By Nancy W. (Part 1 in a series)
The classic grief process
In 1969, Elisabeth Kubler-Ross wrote her first book, On Death and Dying. She identified stages of grieving: shock and denial, sadness, anger, bargaining and acceptance. At first it was thought that people all went through them in some particular order … time taught Elisabeth and many others that there is absolutely no order … that a person can experience all of these things in the space of a few hours and over and over in different orders.
There is no right or wrong way to experience grief, but some ways are healthier, and lead to more resolution. I have had the honor of knowing Elisabeth, and her work was instrumental to my healing after my first husband died.
What is known now, is it is very important to grieve, to do the grief work which has been put on your plate.
What is grief work?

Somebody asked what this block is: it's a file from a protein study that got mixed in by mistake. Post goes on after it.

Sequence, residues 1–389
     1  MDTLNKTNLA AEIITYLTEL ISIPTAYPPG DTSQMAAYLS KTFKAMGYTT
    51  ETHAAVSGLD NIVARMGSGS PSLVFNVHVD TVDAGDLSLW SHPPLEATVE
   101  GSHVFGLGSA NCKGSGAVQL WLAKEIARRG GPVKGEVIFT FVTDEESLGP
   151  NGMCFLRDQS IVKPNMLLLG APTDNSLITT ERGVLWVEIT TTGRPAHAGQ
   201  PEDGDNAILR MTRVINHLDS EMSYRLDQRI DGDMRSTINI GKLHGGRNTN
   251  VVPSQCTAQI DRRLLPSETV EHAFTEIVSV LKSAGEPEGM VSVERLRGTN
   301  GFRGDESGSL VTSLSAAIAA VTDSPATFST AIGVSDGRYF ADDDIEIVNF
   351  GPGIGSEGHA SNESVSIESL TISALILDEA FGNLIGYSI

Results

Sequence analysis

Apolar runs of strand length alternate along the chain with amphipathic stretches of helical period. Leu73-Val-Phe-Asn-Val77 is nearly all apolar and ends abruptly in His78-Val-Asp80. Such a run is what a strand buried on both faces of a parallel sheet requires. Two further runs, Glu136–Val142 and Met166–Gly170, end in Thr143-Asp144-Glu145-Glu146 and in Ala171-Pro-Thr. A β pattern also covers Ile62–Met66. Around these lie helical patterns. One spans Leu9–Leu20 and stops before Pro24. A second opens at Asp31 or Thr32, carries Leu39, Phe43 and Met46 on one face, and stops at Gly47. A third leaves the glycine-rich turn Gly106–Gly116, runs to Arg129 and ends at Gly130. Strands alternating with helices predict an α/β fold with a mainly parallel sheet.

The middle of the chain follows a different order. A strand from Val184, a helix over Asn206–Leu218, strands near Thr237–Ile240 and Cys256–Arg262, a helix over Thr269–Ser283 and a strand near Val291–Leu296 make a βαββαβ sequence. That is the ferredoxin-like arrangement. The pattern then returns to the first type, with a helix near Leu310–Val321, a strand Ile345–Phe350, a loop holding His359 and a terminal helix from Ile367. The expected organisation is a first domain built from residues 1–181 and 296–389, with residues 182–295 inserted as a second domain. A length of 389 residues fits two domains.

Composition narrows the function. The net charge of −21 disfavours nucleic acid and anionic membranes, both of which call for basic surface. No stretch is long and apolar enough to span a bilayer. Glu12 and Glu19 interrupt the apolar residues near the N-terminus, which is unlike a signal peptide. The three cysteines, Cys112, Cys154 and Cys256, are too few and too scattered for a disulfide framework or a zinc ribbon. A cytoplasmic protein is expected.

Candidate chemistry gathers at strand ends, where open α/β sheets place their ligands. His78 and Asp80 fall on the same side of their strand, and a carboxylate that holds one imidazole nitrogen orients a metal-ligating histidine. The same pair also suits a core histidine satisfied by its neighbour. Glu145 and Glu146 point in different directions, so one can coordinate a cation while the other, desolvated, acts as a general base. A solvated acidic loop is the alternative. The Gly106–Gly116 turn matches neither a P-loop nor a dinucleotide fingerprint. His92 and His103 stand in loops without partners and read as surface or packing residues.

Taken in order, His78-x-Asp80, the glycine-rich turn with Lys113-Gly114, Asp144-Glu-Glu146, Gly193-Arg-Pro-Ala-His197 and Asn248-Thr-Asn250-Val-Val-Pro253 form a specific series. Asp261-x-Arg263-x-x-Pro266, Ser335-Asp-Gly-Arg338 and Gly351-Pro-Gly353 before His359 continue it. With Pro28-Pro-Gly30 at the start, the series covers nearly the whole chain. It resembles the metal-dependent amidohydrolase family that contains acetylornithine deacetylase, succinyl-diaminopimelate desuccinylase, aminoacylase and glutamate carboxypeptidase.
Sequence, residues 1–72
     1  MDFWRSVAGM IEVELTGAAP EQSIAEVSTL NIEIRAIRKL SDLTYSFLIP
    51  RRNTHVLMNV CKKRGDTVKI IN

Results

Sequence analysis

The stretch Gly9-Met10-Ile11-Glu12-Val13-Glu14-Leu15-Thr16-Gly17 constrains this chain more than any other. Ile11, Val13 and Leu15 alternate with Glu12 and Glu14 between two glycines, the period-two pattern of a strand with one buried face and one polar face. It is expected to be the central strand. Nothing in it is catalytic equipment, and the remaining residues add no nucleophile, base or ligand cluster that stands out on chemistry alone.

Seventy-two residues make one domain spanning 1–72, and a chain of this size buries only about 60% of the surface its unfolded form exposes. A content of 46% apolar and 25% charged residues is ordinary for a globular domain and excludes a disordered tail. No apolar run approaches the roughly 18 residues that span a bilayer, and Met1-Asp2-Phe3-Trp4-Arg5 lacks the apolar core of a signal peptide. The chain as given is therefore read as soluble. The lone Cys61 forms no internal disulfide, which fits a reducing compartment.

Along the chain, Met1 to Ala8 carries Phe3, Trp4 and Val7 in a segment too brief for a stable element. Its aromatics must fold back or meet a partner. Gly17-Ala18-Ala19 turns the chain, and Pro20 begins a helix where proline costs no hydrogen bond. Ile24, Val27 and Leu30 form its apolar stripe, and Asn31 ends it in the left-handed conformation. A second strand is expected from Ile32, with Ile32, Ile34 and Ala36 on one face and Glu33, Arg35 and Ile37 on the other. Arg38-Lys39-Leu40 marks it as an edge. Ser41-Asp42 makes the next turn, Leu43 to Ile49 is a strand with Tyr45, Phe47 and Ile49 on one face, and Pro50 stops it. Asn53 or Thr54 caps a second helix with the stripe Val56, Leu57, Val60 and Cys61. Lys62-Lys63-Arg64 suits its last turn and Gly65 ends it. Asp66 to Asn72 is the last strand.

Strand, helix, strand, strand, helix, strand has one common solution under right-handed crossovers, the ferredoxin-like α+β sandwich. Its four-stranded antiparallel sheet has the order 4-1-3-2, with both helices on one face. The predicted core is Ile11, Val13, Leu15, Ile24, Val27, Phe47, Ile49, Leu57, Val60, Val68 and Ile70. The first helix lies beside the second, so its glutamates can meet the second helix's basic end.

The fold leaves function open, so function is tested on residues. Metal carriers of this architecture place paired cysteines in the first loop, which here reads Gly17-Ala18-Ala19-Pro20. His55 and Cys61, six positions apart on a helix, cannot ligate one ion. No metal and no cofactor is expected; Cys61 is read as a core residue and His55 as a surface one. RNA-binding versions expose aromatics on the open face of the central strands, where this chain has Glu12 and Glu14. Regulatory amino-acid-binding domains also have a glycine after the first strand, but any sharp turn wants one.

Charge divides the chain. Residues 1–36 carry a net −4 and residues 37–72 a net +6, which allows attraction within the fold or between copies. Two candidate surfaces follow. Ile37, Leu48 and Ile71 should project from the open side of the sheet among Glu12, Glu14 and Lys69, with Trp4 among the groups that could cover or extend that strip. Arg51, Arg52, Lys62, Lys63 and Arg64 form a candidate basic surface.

Grief work is finding a way to put your loss into perspective and to weave your loss into the fabric of your life. It is allowing feelings, working through them, asking for and receiving comfort. It is remembering the good times and the bad and getting them in perspective. It is memorializing your lost loved one in your heart or in many other ways. It is honoring your lost loved one by going forward a better person for the gift of that person’s life in your life, no matter how brief.
Editors note: Nancy W. has given us permission to divide her “long post on grief” into this series of five articles: